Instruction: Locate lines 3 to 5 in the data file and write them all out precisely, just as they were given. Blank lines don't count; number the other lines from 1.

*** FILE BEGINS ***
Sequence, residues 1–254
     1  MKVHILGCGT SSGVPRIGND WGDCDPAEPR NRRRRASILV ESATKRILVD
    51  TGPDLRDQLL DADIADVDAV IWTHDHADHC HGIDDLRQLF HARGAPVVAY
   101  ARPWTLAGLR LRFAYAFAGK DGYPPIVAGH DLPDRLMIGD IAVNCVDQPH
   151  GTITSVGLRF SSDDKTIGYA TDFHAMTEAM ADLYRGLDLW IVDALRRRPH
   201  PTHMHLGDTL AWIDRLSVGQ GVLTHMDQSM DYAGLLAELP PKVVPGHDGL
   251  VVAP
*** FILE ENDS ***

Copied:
    51  TGPDLRDQLL DADIADVDAV IWTHDHADHC HGIDDLRQLF HARGAPVVAY
   101  ARPWTLAGLR LRFAYAFAGK DGYPPIVAGH DLPDRLMIGD IAVNCVDQPH
   151  GTITSVGLRF SSDDKTIGYA TDFHAMTEAM ADLYRGLDLW IVDALRRRPH